Cantor Set

Start with the interval [0,1]. Remove the (open) middle third of it, i.e. get (1/3, 2/3). Now remove the middle thirds of each of the remaining intervals, i.e. get (1/9, 2/9) and (7/9, 8/9). Continue this process ad infinitum. The points left over form a fractal called the . It is an infinite set since a lot of points, including the endpoints of the removed intervals, are never removed. Can you list the endpoints?

Now let's think about lengths. The length of the original interval is 1. Now how much “length” do we remove during the process?

At the first step, we remove an interval of length 1/3. At the second step, we remove two intervals of length 1/9. At the third step, we remove 4 intervals with total length 1/27, etc. What is the total length removed during the entire process? A ! SUM1 to infinity (2n-1/3n) = 1.

Wait a minute … you mean we have an infinite set left over with 0 length??

Yes, and it's worse than that: the set is uncountable! Thus it has as many points as interval that we started with!

Presentation Suggestions:
Use this Fun Fact after students learn to sum geometric series. You may wish to assign the sum of the lengths “removed” as an exercise before presenting this Fun Fact. (Of course, you can also do the computation in terms of how much remains after each stage and get a limiting sequence instead.) Follow with the Fun Fact Devil's Staircase.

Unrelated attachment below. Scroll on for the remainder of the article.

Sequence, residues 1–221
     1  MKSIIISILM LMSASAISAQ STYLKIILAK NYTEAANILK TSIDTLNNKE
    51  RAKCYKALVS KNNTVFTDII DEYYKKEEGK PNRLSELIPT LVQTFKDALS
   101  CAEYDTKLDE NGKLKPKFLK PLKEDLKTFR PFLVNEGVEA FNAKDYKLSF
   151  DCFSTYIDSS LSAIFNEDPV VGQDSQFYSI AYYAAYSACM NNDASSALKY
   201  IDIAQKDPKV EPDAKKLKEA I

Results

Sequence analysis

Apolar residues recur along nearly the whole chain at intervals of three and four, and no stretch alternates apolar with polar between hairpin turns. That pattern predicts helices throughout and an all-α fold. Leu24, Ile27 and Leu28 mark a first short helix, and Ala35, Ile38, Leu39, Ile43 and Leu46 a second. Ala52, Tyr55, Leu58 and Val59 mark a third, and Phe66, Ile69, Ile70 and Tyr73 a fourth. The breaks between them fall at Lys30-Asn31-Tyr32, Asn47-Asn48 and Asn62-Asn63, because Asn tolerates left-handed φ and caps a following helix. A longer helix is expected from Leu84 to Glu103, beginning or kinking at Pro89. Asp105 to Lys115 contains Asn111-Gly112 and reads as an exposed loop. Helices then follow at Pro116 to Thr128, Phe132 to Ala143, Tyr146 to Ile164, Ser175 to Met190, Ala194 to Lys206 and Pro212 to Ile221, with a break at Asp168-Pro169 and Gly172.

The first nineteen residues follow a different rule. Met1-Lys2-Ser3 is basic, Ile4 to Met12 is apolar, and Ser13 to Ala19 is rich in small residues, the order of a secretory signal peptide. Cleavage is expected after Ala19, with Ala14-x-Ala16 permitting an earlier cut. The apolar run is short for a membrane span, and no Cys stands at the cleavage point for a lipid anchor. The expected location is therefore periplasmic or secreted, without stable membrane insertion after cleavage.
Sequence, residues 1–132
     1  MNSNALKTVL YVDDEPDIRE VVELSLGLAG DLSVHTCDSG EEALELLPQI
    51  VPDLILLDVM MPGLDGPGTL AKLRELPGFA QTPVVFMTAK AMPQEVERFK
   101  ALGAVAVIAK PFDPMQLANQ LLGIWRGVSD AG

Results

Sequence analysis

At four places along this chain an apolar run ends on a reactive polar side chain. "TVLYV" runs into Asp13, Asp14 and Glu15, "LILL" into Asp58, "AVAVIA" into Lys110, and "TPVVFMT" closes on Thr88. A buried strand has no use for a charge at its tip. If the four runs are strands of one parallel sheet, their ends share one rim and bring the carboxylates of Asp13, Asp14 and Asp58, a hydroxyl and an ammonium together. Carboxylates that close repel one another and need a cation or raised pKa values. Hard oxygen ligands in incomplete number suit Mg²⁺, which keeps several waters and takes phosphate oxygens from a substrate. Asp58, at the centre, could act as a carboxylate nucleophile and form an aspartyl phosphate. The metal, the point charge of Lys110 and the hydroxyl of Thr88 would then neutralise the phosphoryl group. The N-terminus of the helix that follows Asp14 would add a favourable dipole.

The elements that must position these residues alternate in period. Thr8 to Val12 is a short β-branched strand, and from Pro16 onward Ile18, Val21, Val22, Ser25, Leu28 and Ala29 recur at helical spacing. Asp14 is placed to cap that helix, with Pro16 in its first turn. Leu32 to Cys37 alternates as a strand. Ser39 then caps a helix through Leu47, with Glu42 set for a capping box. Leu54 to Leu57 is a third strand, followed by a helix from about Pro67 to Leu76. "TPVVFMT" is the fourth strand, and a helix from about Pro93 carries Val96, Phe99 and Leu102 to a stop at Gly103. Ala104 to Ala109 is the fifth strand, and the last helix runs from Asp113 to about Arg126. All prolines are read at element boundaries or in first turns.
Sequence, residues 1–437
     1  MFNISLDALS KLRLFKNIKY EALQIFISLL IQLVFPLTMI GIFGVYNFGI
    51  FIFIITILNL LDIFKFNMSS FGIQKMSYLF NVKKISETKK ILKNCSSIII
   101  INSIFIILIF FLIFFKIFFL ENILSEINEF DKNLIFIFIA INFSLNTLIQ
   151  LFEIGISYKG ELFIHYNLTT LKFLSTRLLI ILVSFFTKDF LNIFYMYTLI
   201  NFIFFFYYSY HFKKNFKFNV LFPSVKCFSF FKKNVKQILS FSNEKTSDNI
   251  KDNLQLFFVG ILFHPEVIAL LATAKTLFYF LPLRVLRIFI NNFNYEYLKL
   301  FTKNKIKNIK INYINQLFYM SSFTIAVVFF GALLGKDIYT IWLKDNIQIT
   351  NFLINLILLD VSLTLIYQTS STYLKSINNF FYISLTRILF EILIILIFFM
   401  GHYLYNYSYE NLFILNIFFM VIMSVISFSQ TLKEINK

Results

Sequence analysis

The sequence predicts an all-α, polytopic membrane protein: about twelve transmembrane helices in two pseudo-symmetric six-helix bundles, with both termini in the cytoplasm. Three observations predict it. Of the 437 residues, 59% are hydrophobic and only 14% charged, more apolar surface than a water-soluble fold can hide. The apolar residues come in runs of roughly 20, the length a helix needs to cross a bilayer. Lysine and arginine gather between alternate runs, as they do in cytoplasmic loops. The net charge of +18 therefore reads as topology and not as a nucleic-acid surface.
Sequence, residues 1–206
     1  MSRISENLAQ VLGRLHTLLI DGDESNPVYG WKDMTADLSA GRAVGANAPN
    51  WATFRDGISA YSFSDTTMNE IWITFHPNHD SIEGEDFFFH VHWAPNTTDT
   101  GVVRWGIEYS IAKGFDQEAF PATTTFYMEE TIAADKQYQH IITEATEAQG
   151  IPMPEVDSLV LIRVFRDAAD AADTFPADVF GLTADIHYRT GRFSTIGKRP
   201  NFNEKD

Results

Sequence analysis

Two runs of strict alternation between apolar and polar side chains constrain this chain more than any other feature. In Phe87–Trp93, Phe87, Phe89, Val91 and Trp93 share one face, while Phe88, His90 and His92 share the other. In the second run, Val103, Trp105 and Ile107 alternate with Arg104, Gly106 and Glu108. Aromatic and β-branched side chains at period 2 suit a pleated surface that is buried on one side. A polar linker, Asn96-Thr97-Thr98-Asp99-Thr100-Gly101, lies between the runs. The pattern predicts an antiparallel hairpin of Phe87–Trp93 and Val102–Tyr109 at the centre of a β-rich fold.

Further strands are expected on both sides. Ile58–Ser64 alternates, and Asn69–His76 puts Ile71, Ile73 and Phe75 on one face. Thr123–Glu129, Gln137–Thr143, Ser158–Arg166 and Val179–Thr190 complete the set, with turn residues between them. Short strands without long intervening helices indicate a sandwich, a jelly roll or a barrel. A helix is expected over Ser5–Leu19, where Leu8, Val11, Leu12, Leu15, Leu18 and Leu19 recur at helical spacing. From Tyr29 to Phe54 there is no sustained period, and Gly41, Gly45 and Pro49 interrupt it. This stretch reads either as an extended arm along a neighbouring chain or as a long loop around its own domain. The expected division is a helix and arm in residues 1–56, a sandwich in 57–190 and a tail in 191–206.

The Math Behind the Fact:
The real numbers are far stranger than any of your students might have suspected! The standard Cantor Set is quite interesting: it is an uncountable, totally disconnected, perfect (every point is a limit point) set of “Lebesgue measure zero”. Another way to describe the standard Cantor Set is the set of all real numbers in [0,1] expressible without 1's in its base 3 expansion! Though first constructed as a pathological example, it arises naturally as a fractal in the study of .

How to Cite this Page: 
Su, Francis E., et al. “Cantor Set.” Math Fun Facts. <>.

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Fun Fact suggested by:
Joshua Sabloff

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